For bow hunters, your quiver will actually attach to your bow. Most compound bows are built to accommodate a quiver, and this way you don't have to fumble around with it during your hunt and your arrows are always right there within reach. Bow hunters don’t usually use a quiver during practice, because their quivers are made to hold arrows with broadheads instead of field points.

Arrow rest

This is an optional accessory for recurve shooters, but greatly improves your ability to shoot successfully. An arrow rest can usually stick on to your bow. They keep your arrow steady more than an arrow shelf, which arrows often fall off of.

For bow hunters using a compound bow, an arrow rest is a must. The purpose of having one in this context is to raise the shaft of the arrow up without interfering with the broadhead, which can be fairly big around. Your arrow rest can also have a lot of impact on your accuracy, and is one of the main pieces of equipment hunters can tune when they are trying to perfect their shot.

Stabilizer & shock absorbers

If you are using a compound bow, you will want to use a stabilizer on the front of it. The purpose of a stabilizer is to absorb and dissipate vibration during your shot. The longer the stabilizer the more vibration it can dissipate, which is why you will see competitive archers with very long stabilizers. Although long stabilizers are not ideal to deal with for bow hunters, which is why their stabilizers are normally shorter.

Every type of bow can benefit from shock absorbers. These are usually little pieces of rubber that go on your string or bow limbs, and they are designed to absorb and dissipate vibration. They are much smaller than a stabilizer, and you can have multiple of them on your bow. Compound hunting bows usually come with a few on them by default, but you can also find them on recurves and longbows, although the design will be a little different.

Range finder

When you are shooting a bow, it is incredibly important to know how far your shot is so you can adjust your aim properly. On an archery range, those distances may be marked, but if you are practicing at home, or are a hunter, you need a reliable way to tell the exact distance you will be shooting every time. A laser range finder does this job quite well.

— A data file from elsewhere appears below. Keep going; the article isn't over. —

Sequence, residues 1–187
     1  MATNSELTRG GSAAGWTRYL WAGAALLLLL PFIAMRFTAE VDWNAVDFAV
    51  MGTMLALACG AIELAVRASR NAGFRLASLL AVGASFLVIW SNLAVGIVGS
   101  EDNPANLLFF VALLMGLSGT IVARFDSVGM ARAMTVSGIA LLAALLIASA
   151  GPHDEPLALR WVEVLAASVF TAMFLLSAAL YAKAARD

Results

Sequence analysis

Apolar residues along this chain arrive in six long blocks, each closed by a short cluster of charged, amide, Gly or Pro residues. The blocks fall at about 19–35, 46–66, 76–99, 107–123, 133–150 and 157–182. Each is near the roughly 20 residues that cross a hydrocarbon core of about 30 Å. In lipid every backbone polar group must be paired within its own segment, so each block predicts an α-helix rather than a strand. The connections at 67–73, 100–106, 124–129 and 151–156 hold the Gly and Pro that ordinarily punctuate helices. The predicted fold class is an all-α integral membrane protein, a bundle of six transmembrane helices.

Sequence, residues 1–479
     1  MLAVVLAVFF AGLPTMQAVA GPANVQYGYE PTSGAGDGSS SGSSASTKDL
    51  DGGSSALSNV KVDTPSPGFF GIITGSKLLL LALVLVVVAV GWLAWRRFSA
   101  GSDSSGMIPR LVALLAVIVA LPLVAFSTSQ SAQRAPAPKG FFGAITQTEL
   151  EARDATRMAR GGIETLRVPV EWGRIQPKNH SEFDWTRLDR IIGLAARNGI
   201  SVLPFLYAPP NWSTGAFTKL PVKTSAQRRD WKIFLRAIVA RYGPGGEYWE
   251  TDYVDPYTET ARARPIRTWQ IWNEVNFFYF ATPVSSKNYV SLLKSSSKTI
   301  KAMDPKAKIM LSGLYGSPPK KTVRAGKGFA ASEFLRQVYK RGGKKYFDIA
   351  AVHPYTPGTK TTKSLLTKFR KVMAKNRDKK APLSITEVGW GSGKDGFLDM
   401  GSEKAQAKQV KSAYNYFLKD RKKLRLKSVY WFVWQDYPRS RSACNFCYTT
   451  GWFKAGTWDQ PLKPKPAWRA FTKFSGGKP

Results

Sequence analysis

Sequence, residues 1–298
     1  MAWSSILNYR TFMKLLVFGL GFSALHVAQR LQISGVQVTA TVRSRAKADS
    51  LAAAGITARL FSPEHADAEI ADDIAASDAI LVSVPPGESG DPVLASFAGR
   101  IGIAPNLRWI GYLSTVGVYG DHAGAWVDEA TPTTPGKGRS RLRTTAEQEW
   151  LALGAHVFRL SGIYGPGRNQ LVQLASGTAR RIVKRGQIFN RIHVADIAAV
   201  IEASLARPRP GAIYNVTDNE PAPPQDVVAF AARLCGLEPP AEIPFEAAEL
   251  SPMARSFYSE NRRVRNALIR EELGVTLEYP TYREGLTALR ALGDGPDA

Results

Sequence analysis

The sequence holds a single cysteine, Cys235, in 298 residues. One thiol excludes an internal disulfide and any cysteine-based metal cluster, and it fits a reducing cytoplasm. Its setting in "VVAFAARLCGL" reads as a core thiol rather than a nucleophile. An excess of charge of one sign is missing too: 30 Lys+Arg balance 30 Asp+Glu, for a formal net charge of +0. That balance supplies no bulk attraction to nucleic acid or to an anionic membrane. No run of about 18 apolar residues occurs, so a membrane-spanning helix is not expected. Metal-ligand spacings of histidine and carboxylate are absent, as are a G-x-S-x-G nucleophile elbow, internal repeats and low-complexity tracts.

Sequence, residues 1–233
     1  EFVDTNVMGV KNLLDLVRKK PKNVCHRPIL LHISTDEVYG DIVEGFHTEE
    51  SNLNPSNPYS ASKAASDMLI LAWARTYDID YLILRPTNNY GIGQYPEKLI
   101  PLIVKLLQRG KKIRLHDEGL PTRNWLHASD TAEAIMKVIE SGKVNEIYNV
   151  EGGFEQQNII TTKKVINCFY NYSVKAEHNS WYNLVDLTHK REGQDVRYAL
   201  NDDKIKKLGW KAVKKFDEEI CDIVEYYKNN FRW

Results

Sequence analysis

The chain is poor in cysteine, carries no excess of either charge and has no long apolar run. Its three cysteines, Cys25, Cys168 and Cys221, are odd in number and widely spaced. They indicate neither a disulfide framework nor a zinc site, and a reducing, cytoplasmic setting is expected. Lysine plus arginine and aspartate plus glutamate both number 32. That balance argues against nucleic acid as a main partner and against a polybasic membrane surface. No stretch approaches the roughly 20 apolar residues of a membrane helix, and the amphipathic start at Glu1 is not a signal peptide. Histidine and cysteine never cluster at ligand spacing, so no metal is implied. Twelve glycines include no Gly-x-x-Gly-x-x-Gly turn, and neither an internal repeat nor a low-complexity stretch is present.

Laser range finders are capable of ranging targets out to many hundreds of yards, with some models even reaching 1000 or more yards. Obviously this is much farther than a bowhunter needs, which is a good thing. For hunters, you can even get range finders that take the fact that you are up in a tree into consideration.

Bow target

If you don’t have an archery range nearby, you will want to have your own target to shoot at. You can build a target out of a variety of materials, and there is no shortage of guides online. Although you can easily buy a hunting bow target online, which will be suitable for all archers. You just need to make sure that your target can stop your arrow, some fast bows are capable of putting an arrow all the way through a bow target, especially after the target has been shot a few dozen times. Safety should be your number one priority.


If you’re going to be shooting several arrows for extended target practice, you may want a pair of archery gloves. This is especially important as you are learning proper hand placement. Gloves keep you from building up calluses, and may be more comfortable when you are drawing the bow back, which is ideal if you plan on shooting your bow on a regular basis.

For hunters who will be wearing gloves in the stand, you may want to get gloves that do not cover your index finger so that you can feel your release better when you are in the stand. You should also practice with your gloves that you plan to hunt in as much as you can.


An armguard will protect your arm from the bowstring each time you shoot. This is a comfort item, but it can be more than that if you find yourself repeatedly bruising your arm when you shoot. This is especially important as you are learning how to shoot well, which can lead to more injury. With correct form, you shouldn’t need an armguard, but if you ever hit your arm with the string, you will wish you had one. There are open, breathable arm guards, or leather arm guards if you want to look like a serious archer when you shoot!